How to Be a Successful Graduate Student by William Bauer
Success in graduate school isn’t something that occurs naturally. You have to work at it. Here are some recommendations and strategies that have worked for me:
1. Be a careful observer
- Keenly observe department norms and how people interact and work together for daily activities, departmental functions, as well as seminars you participate in.
- In your seminars, observe the types of questions asked and how senior graduate students (and other faculty that may be attending the seminar) approach issues.
- In your readings, attend to the overall argument or idea and relevant details, maintaining reading notes. Outline the main points and questions you have to prepare for the seminar. Note items of special interest that may be good research topics for that seminar or for later research projects.
2. Be disciplined
- Have a schedule and stick to it, completing all work on time. Much of your time will be flexible, and you’ll be expected to be self-sufficient, but it can be very useful to form study or discussion groups with peers in order to structure your time.
- Know the department and graduate studies milestones and make them your milestones. Meeting these milestones on time means that at each stage of your program you’ll be able to focus your energy on that stage.
- Don’t take incompletes in your seminars, unless absolutely necessary.
3. Be proactive
- Talk frequently to your professors and peers about ideas that interest you. Follow-up on comments that your professors give about your work.
- Be creative in the content of your work and how you approach your work.
- Actively reflect upon discussions and projects. Ask: How could this have gone better? How can I apply this in the future?
- Besides these examples of being proactive, there are three things you can start doing right away to make your graduate experience successful…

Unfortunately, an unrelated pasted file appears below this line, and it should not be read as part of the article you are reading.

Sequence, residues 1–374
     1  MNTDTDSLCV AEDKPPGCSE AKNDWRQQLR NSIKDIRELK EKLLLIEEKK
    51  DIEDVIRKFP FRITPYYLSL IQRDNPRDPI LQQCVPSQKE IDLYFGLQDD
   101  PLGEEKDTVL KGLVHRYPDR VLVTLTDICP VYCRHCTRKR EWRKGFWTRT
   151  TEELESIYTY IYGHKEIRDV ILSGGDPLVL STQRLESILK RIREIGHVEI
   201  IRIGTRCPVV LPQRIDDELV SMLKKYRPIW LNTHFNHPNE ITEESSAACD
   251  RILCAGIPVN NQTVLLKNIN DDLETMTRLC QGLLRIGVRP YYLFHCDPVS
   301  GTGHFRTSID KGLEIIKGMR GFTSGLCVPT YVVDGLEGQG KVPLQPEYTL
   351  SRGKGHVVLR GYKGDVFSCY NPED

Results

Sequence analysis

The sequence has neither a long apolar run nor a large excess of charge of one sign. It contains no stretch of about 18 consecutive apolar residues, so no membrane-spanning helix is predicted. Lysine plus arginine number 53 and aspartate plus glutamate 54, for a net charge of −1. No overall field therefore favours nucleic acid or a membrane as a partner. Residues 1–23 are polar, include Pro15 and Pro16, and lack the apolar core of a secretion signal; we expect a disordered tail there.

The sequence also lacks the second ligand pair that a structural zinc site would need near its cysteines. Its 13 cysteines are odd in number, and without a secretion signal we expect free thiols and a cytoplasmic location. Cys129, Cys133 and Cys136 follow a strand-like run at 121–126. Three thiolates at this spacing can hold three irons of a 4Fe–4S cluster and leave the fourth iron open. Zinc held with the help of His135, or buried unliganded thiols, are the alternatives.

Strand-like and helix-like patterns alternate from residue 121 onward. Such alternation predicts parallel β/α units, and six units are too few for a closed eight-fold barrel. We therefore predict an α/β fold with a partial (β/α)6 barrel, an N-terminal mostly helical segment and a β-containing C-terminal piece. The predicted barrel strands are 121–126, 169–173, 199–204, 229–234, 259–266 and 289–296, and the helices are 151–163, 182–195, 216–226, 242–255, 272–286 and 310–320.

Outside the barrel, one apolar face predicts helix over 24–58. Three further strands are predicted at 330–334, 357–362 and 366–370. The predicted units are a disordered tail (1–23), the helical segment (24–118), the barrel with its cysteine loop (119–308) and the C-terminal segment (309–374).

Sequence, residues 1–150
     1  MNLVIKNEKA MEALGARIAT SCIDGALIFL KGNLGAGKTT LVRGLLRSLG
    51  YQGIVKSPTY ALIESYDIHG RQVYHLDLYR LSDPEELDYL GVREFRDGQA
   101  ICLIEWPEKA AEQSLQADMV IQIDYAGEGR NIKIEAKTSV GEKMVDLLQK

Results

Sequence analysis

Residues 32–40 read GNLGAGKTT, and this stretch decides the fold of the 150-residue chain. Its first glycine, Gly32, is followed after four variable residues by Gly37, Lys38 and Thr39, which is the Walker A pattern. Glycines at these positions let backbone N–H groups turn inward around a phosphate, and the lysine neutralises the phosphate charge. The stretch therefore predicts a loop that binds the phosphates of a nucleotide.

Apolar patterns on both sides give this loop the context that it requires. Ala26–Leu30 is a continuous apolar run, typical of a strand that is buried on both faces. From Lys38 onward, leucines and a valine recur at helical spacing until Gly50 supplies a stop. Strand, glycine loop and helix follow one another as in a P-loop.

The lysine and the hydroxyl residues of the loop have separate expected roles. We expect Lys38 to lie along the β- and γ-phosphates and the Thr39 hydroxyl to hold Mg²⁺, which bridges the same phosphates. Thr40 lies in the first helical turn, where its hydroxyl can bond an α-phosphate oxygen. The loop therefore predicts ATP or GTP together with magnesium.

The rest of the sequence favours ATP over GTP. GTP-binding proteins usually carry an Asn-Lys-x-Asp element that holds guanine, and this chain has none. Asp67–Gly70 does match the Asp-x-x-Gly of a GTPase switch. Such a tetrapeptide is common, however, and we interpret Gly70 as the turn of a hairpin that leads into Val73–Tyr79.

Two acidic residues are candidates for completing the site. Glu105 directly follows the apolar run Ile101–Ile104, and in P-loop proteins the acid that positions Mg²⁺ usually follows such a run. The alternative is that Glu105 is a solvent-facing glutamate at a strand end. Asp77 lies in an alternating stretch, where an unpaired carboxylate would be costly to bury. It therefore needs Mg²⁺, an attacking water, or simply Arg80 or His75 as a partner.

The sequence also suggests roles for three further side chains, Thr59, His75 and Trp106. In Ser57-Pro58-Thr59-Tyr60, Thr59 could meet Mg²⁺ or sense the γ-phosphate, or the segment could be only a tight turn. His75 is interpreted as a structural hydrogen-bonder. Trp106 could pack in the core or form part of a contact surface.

1. Keep a research/ideas journal
- Keep this focused on topics of most interest to you from seminars, discussions, and readings; the seeds of your dissertation and further research might be in here; keep your journal with you wherever you go.
2.Make and update a goals matrix
- Create a cell in the matrix for each semester of your program; for example, if you’re in a 5-year program, you’ll have 10 semester cells, plus summers. In these cells, enter the classes you plan on taking, courses you want to teach/TA, program milestones, and planned dates for submitting papers to conferences and/or journals.
3. Seek a mentor
- You may not need to establish a faculty mentor in the first year, but you should keep an eye out for who might be a good mentor (be observant.) Talk to senior graduate students about how they sought a mentor.
- It’s likely that your eventual mentor will be a professor you did work for or wrote a paper for that really sparked your passion. Consider revising your project and/or pursing further questions pertinent to it, and seek more feedback from that professor. It’s possible that such projects may be the beginnings of your dissertation.